A very popular character at The Fleece was Dora Maar. Not only was she talented and beautiful but she was a sweetheart. It was the one place in her life where she was not abused and free to roam around getting a pet here and a cookie there. She loved circumnavigating the room from corner to corner sniffing for the crumbs of the peanut butter crackers or Hostess powdered donettes Barry left behind. Seeing that she was dehydrated Mike Hayden would give her water. She was so nice even the Muslim kids liked her. I considered charging a dollar a “pet” but then realized I would have to give the house a cut and abandoned the plan. Once, I drove home without her when she was tied up to Lila’s chair in the deep dark back below the video camera. Preacher Ronn is the only player to complain about Dora’s peregrinations. Affection is not one of the characteristics we normally associate with gamblers and men of the cloth.
As you might have surmised by now, “The Lake City Cultural and Billiard Society” was inhabited mostly by a bunch of arthritic old geezers living out their pasts through the companionship of fellow diers (an recondite noun derived from the verb: to die); I mean, there we were in our late sixties and seventies still working on our stroke, banks, kicks, combos; still trying to run eight and out once in awhile. Pathetic. Bill with his broken back, Mike with his 27 ounce copper cudgel, Pete with his “walking Pneumonia”, Dave Moore scaring us for a couple weeks with his Prednisone reaction. . . Greg, Dennis, Mark, Barry, Tommy, Patrick, Joe and Pete comprised just a few of the old 211 pool world still around in 2018. I don’t know who is gonna be around in 20 more years to shoot the shit about So-and-So making a table-length draw against Lizard to run out for a grand at The Fleece.
Speaking of bulshit, Mr. Incardona might be the prince of bulshitters. But then again, maybe it was Steve “the Lizard” Smith. For a few days both those guys co-habited the sofas in front of the TV at The Fleece and when they were swapping braggadocios about who beat whom for ten, twenty, fifty or a hundred thousand, one had to come in with a very sturdy shovel because the shit got so deep. Incardona is a pretty good color analyst for various One Pocket tournaments but he has cultivated disagreableness to a new art form. Sure, he knows a lot about the game of One Pocket but does he know the difference between a deciduous and coniferous tree, or the basic tenet of existentialism or the general location of Carnegie Hall? I mean, the whole world does not revolve around these nine foot pieces of slate covered with blue cloth. There IS stuff happening besides Newton’s 3 Laws of motion with a few phenolic spheres colliding on a piece of metamorphic rock. Once I asked Billy how he played golf. I have only played a few games of golf on a snooker table and once I saw Preacher Ronn and Roman playing on one of the Gold Crowns discussing the rules, which, in golf vary as much as 8-Ball rules. So I figured this would be a unique opportunity to get some particulars from one of the most highly esteemed pool players in the country. Silly me. He said, “I don’t know nothin about golf. Go ask one of those guys”, pointing toward Lizard and Vince. Thanks pal. Why should I have expected he would be any less of an arsehole in person than he is on TV?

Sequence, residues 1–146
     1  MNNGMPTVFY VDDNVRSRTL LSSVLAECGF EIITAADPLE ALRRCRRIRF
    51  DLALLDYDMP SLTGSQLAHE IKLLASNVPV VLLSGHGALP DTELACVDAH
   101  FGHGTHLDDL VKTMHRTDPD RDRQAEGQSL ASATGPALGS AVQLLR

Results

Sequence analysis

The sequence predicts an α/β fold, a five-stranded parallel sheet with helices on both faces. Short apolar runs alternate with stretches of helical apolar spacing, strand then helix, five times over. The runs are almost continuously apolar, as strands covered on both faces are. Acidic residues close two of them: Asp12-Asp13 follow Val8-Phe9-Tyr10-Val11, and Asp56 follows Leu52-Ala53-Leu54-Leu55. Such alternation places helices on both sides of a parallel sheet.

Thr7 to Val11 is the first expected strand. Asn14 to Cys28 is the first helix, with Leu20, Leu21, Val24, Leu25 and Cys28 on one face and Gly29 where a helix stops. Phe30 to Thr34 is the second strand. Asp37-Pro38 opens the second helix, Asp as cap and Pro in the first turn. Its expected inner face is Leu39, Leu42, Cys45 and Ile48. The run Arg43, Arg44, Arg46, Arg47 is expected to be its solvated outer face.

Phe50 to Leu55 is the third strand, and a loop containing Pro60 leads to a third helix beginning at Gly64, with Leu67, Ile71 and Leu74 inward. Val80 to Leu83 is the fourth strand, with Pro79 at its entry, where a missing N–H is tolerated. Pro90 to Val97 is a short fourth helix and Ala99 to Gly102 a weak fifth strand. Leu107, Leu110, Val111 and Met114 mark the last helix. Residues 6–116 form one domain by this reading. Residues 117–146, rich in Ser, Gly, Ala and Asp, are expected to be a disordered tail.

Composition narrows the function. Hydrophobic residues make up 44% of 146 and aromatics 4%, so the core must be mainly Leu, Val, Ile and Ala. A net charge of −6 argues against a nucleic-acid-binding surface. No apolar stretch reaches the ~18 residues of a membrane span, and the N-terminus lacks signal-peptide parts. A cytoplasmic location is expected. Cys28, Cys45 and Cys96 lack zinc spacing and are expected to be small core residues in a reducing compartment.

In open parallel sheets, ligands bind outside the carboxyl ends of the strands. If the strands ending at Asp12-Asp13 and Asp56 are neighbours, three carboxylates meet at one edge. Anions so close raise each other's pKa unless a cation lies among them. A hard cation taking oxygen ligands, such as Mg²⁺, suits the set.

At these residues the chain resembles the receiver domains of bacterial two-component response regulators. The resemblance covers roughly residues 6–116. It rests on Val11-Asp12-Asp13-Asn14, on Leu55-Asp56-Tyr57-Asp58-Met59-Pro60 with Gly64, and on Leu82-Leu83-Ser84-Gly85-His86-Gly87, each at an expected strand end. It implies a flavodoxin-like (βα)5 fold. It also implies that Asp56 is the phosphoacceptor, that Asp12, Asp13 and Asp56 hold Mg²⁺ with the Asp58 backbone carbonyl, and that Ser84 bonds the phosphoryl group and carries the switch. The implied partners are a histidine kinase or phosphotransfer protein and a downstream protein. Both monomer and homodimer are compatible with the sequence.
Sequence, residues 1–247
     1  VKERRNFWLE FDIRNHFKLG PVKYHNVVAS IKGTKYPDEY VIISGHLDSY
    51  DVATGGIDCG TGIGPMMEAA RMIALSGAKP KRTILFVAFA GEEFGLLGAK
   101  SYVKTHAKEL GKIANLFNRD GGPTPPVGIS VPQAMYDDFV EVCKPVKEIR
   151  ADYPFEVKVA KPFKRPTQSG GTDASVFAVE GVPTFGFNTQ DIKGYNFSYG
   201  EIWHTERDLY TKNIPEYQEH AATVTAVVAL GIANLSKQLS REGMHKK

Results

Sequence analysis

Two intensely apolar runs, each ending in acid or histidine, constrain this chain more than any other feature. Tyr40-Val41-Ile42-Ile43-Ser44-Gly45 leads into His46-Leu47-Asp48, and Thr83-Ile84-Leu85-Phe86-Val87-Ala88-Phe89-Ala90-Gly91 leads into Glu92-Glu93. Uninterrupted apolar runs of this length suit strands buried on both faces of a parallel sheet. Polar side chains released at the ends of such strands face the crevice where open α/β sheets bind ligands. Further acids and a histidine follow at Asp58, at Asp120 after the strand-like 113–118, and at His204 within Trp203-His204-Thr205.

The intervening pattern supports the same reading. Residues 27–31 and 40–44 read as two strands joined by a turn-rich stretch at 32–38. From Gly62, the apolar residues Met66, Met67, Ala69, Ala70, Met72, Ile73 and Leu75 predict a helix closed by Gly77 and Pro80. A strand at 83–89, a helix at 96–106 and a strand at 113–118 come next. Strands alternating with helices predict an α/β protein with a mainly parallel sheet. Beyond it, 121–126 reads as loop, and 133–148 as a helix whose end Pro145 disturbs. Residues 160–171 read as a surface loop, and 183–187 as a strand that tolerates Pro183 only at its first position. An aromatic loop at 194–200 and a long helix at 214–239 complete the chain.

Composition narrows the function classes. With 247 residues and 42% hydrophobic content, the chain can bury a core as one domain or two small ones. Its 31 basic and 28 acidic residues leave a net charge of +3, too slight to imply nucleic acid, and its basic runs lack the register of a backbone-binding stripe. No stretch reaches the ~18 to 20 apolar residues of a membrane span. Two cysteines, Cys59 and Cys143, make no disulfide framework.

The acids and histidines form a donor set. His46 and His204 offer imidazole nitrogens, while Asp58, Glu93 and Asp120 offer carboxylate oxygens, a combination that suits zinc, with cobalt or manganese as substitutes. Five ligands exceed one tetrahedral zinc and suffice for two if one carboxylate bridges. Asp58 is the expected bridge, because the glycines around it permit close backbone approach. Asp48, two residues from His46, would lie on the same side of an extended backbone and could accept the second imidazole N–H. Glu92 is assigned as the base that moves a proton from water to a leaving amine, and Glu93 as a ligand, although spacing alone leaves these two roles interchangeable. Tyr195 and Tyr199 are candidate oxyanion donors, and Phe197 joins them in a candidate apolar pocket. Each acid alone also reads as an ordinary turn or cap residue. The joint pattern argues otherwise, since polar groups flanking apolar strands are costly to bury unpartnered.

I do not know Billy Incardona’s views on women or race but the Lizard is an unapologetic racist and misogynist non pareil. I’ve heard that a lot of those southern guys like Archer and Dalton are racists. Duh? Remember the Civil War? (It ain’t over in case you wondered). I hope they stay away from Seattle. I give Lizard credit though for at least pretending to listen. Most of those alt-right racists won’t even consider arguments for Title Nine, equal pay, climate change and lascivious-free workplaces. But then Lizard would mention some exceptional anecdote to confirm his concupiscent attitude toward women or his genetically racist (he is from Texas) attitude toward African-Americans and I realized that The South surrendered 160 years ago but with insufficient casualties among the Confederates. If you think I am indulging in hyperbole, read the Lizard’s sorry excuse for a book, Through the Eyes of the lizard. Lizard is fundamentally a nice guy; I can’t help but like the bastard even though I loathe everything he represents once he steps outside the small world of pocket billiards. I guess that his generosity teaching us duffers was his way of reciprocating for the blankets and diminutive floor space he occupied behind table eight in the corner every night. The fact of the matter is that despite their colorful monikers and a few amusing anecdotes, most of the great pocket billiard gamblers were a rather dubious bunch of petty crooks and grifters.
That is pretty harsh but I struggle to come up with any other conclusion. I mean, one has to admire people who dedicate their lives to something, to anything to the exclusion of everything else. As Joseph Campbell said, “Follow your bliss”. And who needs pool? The world can get along just fine without pool and here are these guys spending ten or fifteen hours a day for years and years developing skills that rival the eye-hand dexterity of the greatest brain surgeons or concert pianists. To break and run out rack after rack of Nine Ball — six-packs or whatever Shane calls them — is an absolutely phenomenal ability accessible to only a handful of people on the planet. In a way, serious pool players are like artists. Who needs art? The world can certainly get along fine without another painting of the Golden Gate Bridge or some Brillo Boxes but thousands and thousands of men and women across the country spend all day daubing very expensive Italian oil colors on very expensive Belgian linen making images we will NEVER see, much less need.